Given this rapid evolution, retailers have many choices on how to use AI in their marketing and sales strategies. Consumers are seeking a richer retail experience that reduces friction while also capturing the essence of who they are, what they like, and how they prefer to consume information. The sooner a retailer understands this and creates the best consumer experience they can, the sooner they will increase profitability and retention rates. I predict that this retail revolution will continue to unfold and expand over the next several years. But as the industry expands one thing is certain: in retail, personalisation and the customer journey are key, regardless of how you get there.
The ‘segment of one’ approach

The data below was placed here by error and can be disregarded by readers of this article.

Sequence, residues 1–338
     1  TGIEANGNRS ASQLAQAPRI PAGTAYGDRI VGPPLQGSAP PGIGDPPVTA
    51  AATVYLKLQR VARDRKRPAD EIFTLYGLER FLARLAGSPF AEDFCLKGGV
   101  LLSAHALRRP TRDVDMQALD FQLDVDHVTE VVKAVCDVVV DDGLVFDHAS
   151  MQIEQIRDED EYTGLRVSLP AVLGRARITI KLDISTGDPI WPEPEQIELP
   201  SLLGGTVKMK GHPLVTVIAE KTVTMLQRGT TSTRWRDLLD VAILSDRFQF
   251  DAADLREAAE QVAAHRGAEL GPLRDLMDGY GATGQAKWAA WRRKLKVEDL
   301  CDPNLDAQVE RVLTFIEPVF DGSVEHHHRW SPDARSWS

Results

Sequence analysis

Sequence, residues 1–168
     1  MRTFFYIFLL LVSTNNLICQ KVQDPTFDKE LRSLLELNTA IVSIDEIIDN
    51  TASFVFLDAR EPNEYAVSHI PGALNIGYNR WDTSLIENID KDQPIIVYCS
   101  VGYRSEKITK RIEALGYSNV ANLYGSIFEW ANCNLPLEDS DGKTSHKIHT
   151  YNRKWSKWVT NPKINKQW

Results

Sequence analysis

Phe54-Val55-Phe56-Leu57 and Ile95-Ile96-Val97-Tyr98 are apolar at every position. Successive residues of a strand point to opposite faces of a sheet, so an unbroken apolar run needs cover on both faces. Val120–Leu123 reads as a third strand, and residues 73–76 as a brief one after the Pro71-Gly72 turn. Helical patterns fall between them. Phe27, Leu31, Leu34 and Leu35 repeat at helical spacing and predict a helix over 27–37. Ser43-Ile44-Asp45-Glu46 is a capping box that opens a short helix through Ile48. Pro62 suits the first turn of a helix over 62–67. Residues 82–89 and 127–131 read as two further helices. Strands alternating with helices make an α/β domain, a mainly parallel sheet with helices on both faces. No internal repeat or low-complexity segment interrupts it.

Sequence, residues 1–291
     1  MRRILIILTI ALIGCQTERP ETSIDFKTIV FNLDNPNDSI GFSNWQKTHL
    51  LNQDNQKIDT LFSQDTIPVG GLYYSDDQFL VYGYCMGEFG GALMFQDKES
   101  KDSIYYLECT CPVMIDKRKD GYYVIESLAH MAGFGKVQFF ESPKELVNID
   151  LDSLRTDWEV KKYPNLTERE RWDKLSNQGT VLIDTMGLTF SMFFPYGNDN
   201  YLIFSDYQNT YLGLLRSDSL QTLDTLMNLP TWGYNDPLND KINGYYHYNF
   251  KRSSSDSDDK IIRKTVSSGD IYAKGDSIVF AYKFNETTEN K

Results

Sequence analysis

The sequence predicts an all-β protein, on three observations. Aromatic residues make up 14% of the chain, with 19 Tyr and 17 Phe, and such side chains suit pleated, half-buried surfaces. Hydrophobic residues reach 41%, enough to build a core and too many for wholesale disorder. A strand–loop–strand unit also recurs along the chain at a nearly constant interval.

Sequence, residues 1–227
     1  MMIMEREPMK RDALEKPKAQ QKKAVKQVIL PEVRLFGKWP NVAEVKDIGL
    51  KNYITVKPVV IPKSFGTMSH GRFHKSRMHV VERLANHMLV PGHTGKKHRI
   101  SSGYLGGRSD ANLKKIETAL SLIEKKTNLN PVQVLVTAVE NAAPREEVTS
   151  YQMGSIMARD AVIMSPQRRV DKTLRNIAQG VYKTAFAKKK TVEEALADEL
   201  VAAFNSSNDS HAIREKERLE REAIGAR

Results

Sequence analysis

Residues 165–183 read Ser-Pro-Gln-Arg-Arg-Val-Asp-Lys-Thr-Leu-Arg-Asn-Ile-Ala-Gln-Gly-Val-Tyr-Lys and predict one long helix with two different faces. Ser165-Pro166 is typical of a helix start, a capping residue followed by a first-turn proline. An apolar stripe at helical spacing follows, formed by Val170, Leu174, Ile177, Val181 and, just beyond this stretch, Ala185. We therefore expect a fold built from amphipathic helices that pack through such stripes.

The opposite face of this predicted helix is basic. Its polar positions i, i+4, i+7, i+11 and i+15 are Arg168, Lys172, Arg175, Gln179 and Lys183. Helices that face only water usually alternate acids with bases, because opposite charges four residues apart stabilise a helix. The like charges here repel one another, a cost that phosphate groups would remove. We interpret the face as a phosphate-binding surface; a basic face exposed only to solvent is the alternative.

A generic, aggregative understanding of customer behaviour is no longer enough. Individual segmentation is the next step for retailers looking to create a super-personalised experience for their users.
The worlds of traditional commerce retail and ecommerce retail are rapidly merging. I think ecommerce retail for many years was an interesting trend, but it was on the side, largely, of what was happening in retail. Today ecommerce retail is less an ancillary part of retail and more about the way business is now done. Online and offline experiences are fast coming together and without an omni-channel experience, it will be extremely difficult for a retailer to survive. That said, I do not doubt there is a future for brick-and-mortar retail, but there will need to be a transformation of retail real estate. Stores are going to become as much distribution and fulfilment centres as they are full-fledged shopping experiences. And they will need to be highly technology enabled.